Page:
To the Editor:-Computer-assisted infusion devices are open loop control systems that allow the anesthesiologist to select the target blood or plasma concentration or, in some patients, the target effect site concentration likely to be required to achieve a particular pharmacodynamic effect. Depth of anesthesia then is controlled by the anesthesiologist, making adjustments to the target setting as required for each patient.

All such systems require a microprocessor-controlled infusion pump programmed with infusion rate control algorithms linked to a pharmacokinetic simulation program. The program includes a pharmacokinetic model and a specific set of pharmacokinetic parameters for the drug to be infused. Individual academic groups have referred to this technology by a variety of acronyms, including CATIA (computer-assisted total intravenous anesthesia), [1] TIAC (titration of intravenous agents by computer), [2] CACI (computer-assisted continuous infusion), [3] and CCIP (computer-controlled infusion pump). [4] The term, target-controlled infusion, (TCI) also has been used in this context. [5] Although TCI covers the concept common to all the previous systems, it avoids implying that a computer rather than an anesthesiologist is controlling the depth of anesthesia. Additionally, commercial TCI systems will not likely require an external computer.

In using and describing any TCI system, there is a need for consistent terminology to identify the drug concentration described, the site at which this concentration is determined, and the pharmacokinetic parameters used in the system. The TCI system should display the target concentration that has been set by the user (CT) and the concentration that the TCI system calculates will have been achieved (C sub CALC). CCALCis preferred to CP(predicted concentration) to prevent confusion with CP(plasma concentration). In assessing the predictive performance of TCI systems, drug concentrations are measured (C sub M) and compared with CCALC. [6]

In many cases, the site at which a particular concentration is determined is obvious and always should be mentioned in any article. Where there is a need to specify the site, the previous terminology can be expanded as follows:

CpT= target plasma concentration;

CeT= target effect site concentration;

CpM= measured plasma concentration;

CpCALC= calculated plasma concentration; and

CeCALC= calculated effect-site concentration.

The time course and magnitude of the pharmacodynamic response achieved at a given CTwill be influenced by the pharmacokinetic parameters incorporated in the system used. [7] Thus, whenever a target or calculated concentration is given in a manuscript, authors should ensure that they provide information on the pharmacokinetic model and parameter set used. When many models are being used, the use of a second subscript to identify the pharmacokinetic parameter set used would be unambiguous, e.g., CpCALCMAITRE= calculated plasma concentration based on pharmacokinetic parameters published by Maitre, et al. [8]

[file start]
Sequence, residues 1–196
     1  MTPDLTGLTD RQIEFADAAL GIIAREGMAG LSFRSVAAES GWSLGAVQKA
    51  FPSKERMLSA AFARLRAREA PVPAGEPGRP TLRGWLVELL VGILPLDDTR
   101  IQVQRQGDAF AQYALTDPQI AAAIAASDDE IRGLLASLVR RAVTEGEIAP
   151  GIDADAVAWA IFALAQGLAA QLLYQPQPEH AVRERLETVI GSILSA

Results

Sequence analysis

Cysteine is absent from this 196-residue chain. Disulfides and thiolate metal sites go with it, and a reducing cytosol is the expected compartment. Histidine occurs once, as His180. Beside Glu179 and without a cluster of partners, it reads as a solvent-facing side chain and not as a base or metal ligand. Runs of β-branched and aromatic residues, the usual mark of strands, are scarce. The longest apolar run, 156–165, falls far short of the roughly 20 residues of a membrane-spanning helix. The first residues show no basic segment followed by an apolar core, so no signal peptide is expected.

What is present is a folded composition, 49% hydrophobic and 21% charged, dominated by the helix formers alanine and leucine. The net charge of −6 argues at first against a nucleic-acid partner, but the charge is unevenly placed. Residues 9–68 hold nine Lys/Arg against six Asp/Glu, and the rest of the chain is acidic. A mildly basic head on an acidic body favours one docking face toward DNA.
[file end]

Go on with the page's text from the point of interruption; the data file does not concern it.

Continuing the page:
In relating pharmacodynamic effects to drug concentrations, Cp50 has been used as the measured plasma concentration (Cp50M), at which there is a 50% probability of suppressing a response to a certain stimulus. [9] This will continue to be an important index because Cp50 sub M will be independent of the device used. In clinical research and routine clinical experience with TCI systems, wherein information on measured concentrations may not be available, observations based on CCALCdisplayed by the TCI system when a particular effect is observed may be of more value to a clinician. Ideally, Ce50CALCor Ce90CALC(with the PK/PD model specified in the text) should be the index used, but CP50CALCor CP90CALCmay be suitable alternatives, with the important proviso that the calculated plasma concentration has been maintained for a sufficient period to permit equilibration with the effect site.

P. S. A. Glass, M.D.

Associate Professor of Anesthesia, Duke University Medical Center, Durham, North Carolina

J. B. Glen, Ph.D.

Clinical Specialist, Medical Affairs Department; Zeneca Pharmaceuticals

Alderley Park; Macclesfield SK10 4TG; United Kingdom

G. N. C. Kenny, M.D.

Professor of Anaesthesia; University of Glasgow; Glasgow, United Kingdom

J. Schuttler, M.D.

Professor of Anaesthesia; University of Erlangen-Nuremberg; Erlangen, Germany

S. L. Shafer, M.D.

Assistant Professor of Anesthesia; Stanford University; Stanford, California

(Accepted for publication March 26, 1997.)

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